More and more people in Connecticut are bicycling for their commutes, exercise or fun. Yet bicycle accidents accounted for 2.2 percent of all traffic crashes in the U.S. in 2016, most of which took place in urban areas and between the hours of 6 p.m. and 9 p.m. Due to this alarming figure, it's important for people to understand the basics of bicycle safety.
It all begins with wearing a helmet that fits well and meets the standards of the U.S. Consumer Product Safety Commission. The next step is to follow the rules for conduct on the road; all states have one, and the same rules apply for bicyclists and motorists.
Defensive driving is key. Bicyclists should travel with, not against, traffic and always assume that drivers don't see them. Distracting activities like calling and texting are out of the question. Bicyclists should also be predictable. That means signaling turns and not riding on sidewalks or other areas where drivers don't expect to find a bicyclist.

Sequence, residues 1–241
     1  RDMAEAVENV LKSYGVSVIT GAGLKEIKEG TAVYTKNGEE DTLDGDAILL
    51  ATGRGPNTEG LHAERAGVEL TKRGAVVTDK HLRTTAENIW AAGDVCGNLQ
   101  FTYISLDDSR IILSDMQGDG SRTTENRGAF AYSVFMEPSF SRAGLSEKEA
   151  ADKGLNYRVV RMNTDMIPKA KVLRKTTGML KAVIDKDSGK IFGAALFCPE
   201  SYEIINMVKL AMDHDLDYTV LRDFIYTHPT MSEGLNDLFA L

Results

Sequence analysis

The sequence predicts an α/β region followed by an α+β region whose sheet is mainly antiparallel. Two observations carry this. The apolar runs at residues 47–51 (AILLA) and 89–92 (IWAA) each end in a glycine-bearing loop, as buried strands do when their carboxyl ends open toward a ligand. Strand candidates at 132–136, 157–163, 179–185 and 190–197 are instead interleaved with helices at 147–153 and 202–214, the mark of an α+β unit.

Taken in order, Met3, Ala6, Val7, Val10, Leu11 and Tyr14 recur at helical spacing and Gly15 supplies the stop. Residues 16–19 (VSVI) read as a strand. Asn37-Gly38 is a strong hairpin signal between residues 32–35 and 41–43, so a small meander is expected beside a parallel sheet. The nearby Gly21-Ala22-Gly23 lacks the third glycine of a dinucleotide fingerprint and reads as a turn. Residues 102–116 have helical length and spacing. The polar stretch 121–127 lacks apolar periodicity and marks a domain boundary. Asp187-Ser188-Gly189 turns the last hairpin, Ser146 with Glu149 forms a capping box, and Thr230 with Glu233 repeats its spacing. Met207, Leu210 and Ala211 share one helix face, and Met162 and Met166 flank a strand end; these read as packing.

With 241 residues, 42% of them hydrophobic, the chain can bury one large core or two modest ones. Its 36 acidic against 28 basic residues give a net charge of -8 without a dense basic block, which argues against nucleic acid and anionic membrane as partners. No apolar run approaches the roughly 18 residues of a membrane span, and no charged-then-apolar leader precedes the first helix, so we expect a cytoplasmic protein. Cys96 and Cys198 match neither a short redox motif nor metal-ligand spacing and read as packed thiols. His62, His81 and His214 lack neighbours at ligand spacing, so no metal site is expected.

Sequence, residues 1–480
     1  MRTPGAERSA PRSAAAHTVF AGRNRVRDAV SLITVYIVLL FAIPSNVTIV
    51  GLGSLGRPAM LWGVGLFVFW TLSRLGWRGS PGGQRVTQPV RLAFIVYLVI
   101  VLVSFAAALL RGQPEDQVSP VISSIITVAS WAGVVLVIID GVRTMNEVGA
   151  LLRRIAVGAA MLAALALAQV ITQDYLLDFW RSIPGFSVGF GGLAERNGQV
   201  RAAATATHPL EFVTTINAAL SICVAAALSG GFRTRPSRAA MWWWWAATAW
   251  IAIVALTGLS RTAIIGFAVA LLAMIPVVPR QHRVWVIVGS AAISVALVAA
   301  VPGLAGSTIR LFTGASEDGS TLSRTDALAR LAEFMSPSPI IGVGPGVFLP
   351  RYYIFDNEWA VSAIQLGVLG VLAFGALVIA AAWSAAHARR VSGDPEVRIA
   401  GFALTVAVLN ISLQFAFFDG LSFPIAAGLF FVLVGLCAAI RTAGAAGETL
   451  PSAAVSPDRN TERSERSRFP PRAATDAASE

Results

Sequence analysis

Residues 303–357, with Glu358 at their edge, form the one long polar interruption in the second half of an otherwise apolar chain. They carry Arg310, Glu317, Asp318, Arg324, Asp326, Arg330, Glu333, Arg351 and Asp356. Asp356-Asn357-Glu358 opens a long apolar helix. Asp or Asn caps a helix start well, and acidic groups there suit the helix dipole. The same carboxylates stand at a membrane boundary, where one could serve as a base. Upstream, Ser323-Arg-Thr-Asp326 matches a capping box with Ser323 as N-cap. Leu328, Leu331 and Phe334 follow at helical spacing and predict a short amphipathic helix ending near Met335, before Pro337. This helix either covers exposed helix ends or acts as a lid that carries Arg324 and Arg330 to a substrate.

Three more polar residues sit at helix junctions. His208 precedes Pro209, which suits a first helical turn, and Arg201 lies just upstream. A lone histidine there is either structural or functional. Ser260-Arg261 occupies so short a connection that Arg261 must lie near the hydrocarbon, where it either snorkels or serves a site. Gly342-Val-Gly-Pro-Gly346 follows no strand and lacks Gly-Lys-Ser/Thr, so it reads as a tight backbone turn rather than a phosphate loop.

Before heading out, though, bicyclists will want to check for a few things. For example, their bicycles should have working brakes and not be too big. When riding during the day, it's best to wear bright clothes. At night, bicyclists should wear reflective clothing and equip their bicycle with a white front light and red rear light.
Bicyclists can be injured when they collide with a car, but the results are even worse when they are involved in trucking accidents. Bicyclists may be left with catastrophic injuries that require lifelong medical attention. If truckers are to blame, though, victims could file a claim against the trucking company and be covered for those medical expenses as well as lost wages, pain and suffering and emotional distress. A lawyer could negotiate on a victim's behalf for a reasonable settlement and assist with litigation as a last resort.